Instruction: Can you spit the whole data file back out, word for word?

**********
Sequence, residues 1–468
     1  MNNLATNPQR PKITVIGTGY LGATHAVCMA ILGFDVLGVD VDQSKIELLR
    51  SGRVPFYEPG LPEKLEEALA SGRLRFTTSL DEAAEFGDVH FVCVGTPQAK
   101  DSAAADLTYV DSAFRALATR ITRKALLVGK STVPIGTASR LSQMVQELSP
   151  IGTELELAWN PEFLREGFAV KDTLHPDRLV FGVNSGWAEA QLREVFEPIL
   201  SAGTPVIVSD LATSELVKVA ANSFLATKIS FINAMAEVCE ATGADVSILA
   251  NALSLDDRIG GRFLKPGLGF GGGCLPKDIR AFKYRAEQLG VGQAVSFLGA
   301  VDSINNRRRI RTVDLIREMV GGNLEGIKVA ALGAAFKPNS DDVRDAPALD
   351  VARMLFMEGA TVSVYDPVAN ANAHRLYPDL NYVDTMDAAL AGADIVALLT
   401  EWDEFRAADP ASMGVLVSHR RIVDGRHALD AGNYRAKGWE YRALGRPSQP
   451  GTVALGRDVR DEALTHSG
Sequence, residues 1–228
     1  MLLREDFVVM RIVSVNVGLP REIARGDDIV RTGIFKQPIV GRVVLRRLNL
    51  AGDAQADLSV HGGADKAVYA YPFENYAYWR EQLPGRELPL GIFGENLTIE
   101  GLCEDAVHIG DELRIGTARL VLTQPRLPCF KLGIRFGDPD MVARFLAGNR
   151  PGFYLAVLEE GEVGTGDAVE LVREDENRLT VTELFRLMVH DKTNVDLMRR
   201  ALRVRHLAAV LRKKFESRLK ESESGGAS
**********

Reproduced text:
Sequence, residues 1–468
     1  MNNLATNPQR PKITVIGTGY LGATHAVCMA ILGFDVLGVD VDQSKIELLR
    51  SGRVPFYEPG LPEKLEEALA SGRLRFTTSL DEAAEFGDVH FVCVGTPQAK
   101  DSAAADLTYV DSAFRALATR ITRKALLVGK STVPIGTASR LSQMVQELSP
   151  IGTELELAWN PEFLREGFAV KDTLHPDRLV FGVNSGWAEA QLREVFEPIL
   201  SAGTPVIVSD LATSELVKVA ANSFLATKIS FINAMAEVCE ATGADVSILA
   251  NALSLDDRIG GRFLKPGLGF GGGCLPKDIR AFKYRAEQLG VGQAVSFLGA
   301  VDSINNRRRI RTVDLIREMV GGNLEGIKVA ALGAAFKPNS DDVRDAPALD
   351  VARMLFMEGA TVSVYDPVAN ANAHRLYPDL NYVDTMDAAL AGADIVALLT
   401  EWDEFRAADP ASMGVLVSHR RIVDGRHALD AGNYRAKGWE YRALGRPSQP
   451  GTVALGRDVR DEALTHSG
Sequence, residues 1–228
     1  MLLREDFVVM RIVSVNVGLP REIARGDDIV RTGIFKQPIV GRVVLRRLNL
    51  AGDAQADLSV HGGADKAVYA YPFENYAYWR EQLPGRELPL GIFGENLTIE
   101  GLCEDAVHIG DELRIGTARL VLTQPRLPCF KLGIRFGDPD MVARFLAGNR
   151  PGFYLAVLEE GEVGTGDAVE LVREDENRLT VTELFRLMVH DKTNVDLMRR
   201  ALRVRHLAAV LRKKFESRLK ESESGGAS